United Kingdom
is considered as a single entity while the constituent countries of the Kingdom of the Netherlands
Kingdom of the Netherlands
are considered separately. In addition, this list includes certain states with limited recognition not found in ISO 3166-1. The population figures do not reflect the practice of countries that report significantly different populations of citizens domestically and overall
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Kim Dynasty (North Korea)
The Kim dynasty, referred to in North Korea as the Mount Paektu Bloodline, is a three-generation lineage of North Korean leadership descended from the country's first leader, Kim Il-sung, in 1948. Kim came to rule the North after the end of Japanese control in 1945 split the region. He began the Korean War in 1950 in an attempt to reunify the entire peninsula
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State Religion
A state religion (also called an established religion or official religion) is a religious body or creed officially endorsed by the state. A state with an official religion, while not secular, is not necessarily a theocracy, a country whose rulers have both secular and spiritual authority. State religions are official or government-sanctioned establishments of a religion, but the state does not need be under the control of the religion (as in a theocracy) nor is the state-sanctioned religion necessarily under the control of the state. Official religions have been known throughout human history in almost all types of cultures, reaching into the Ancient Near East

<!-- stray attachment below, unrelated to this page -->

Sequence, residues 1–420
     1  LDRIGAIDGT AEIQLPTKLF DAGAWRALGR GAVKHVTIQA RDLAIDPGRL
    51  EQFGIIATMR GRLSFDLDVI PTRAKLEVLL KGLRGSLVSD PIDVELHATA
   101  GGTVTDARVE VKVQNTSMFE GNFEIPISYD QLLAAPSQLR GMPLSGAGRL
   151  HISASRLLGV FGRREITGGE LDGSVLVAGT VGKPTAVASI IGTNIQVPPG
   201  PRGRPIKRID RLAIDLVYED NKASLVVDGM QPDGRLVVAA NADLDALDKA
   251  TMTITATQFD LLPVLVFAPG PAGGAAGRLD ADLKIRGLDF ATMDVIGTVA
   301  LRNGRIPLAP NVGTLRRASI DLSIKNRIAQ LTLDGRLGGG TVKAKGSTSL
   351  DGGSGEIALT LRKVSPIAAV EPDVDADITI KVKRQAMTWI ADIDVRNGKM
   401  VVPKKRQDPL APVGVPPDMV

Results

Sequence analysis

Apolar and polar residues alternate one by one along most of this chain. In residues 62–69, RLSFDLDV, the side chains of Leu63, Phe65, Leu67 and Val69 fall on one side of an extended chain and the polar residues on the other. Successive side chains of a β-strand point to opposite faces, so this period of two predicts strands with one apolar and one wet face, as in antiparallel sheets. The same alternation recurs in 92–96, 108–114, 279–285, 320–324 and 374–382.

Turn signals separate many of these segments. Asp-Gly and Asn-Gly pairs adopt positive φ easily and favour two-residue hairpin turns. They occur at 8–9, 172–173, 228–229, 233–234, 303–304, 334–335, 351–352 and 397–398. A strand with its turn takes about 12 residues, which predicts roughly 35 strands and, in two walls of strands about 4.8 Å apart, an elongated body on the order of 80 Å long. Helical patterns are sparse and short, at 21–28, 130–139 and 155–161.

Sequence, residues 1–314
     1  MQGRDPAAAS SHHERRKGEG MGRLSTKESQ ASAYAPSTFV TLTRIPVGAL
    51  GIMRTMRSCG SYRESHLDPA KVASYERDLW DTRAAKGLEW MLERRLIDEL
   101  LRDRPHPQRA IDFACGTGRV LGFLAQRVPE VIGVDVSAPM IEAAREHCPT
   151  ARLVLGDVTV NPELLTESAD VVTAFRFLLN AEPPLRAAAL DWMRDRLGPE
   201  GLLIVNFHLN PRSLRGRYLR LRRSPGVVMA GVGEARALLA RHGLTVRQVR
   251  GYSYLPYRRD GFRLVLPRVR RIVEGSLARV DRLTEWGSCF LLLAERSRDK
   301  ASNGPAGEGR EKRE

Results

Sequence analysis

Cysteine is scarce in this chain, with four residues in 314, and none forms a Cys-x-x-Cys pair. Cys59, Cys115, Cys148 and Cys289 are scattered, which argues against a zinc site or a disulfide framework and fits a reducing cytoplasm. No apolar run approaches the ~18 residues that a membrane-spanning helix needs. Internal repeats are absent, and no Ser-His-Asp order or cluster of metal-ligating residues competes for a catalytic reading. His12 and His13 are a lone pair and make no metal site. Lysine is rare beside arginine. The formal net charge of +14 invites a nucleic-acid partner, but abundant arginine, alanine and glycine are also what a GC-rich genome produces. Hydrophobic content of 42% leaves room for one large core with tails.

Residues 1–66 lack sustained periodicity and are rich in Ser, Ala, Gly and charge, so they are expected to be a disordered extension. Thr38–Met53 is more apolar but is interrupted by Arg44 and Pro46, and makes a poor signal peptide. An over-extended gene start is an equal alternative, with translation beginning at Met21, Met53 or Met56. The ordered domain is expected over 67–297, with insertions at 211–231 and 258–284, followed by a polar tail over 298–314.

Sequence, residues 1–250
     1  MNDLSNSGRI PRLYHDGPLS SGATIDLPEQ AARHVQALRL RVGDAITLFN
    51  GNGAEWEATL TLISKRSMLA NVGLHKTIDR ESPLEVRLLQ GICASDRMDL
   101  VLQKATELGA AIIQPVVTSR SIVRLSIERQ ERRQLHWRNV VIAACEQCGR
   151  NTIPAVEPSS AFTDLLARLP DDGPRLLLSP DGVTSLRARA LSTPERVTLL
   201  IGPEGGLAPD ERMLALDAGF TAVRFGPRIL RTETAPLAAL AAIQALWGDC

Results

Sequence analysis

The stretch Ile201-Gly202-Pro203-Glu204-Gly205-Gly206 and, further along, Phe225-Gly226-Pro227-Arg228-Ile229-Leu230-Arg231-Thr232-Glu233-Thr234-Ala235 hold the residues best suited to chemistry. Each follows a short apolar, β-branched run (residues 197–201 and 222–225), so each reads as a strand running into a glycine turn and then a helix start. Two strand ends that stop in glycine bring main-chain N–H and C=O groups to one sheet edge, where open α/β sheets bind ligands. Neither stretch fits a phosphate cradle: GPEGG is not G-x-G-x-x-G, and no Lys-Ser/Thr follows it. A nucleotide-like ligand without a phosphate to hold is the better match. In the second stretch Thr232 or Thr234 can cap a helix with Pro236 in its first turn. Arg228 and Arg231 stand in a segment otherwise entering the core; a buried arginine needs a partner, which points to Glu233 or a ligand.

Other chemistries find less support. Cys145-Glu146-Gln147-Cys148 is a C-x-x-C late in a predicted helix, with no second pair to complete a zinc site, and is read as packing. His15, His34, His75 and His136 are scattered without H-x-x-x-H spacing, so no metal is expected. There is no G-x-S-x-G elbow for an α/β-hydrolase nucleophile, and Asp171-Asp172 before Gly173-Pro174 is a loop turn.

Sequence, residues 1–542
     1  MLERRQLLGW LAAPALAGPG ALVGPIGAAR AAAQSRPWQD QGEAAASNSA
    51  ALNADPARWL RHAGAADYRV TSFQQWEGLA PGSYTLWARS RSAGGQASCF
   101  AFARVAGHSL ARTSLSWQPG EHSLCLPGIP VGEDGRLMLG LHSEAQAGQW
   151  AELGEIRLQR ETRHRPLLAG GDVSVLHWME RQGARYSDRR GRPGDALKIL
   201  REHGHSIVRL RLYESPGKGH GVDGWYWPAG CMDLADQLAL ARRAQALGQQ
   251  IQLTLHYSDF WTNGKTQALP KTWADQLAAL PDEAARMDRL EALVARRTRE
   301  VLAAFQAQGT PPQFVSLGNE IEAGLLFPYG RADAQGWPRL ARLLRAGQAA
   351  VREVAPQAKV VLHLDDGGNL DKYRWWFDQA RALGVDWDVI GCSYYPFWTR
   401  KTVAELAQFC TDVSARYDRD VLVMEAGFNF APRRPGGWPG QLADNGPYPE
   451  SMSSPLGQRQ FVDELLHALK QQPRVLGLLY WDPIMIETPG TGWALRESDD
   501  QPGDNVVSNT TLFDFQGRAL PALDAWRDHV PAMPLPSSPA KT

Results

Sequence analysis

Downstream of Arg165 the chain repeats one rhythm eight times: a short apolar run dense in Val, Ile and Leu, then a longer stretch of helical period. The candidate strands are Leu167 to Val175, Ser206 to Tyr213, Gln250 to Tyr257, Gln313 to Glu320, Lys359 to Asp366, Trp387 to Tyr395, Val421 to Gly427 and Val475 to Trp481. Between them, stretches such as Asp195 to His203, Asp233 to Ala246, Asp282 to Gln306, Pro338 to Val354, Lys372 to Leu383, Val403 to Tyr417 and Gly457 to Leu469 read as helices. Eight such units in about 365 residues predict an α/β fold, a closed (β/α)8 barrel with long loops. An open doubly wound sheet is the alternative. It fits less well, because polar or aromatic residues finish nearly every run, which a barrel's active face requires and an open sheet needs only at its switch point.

Ancient Near East
and prehistory. The relation of religious cult and the state was discussed by Varro, under the term of theologia civilis ("civic theology")
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Tumen River
The Tumen River, also known as the Tuman or Duman River (Korean pronunciation: [tumanɡaŋ]),[a] is a 521-kilometre (324 mi) long river that serves as part of the boundary between China, North Korea and Russia, rising on the slopes of Mount Paektu and flowing into the Sea of Japan. The river has a drainage basin of 33,800 km2 (13,050 sq mi).[2] The river flows in northeast Asia, on the border between China and North Korea in its upper reaches, and between North Korea and Russia in its last 17 kilometers (11 mi) before entering the Sea of Japan. The river forms much of the southern border of Jilin Province in Northeast China and the northern borders of North Korea's North Hamgyong and Ryanggang provinces
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Confucian
Hermeneutic schools:Old TextsNew Text Confucianism Confucianism
Confucianism
by country Confucianism
Confucianism
in IndonesiaKorean ConfucianismJapanese Confucianism
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Western World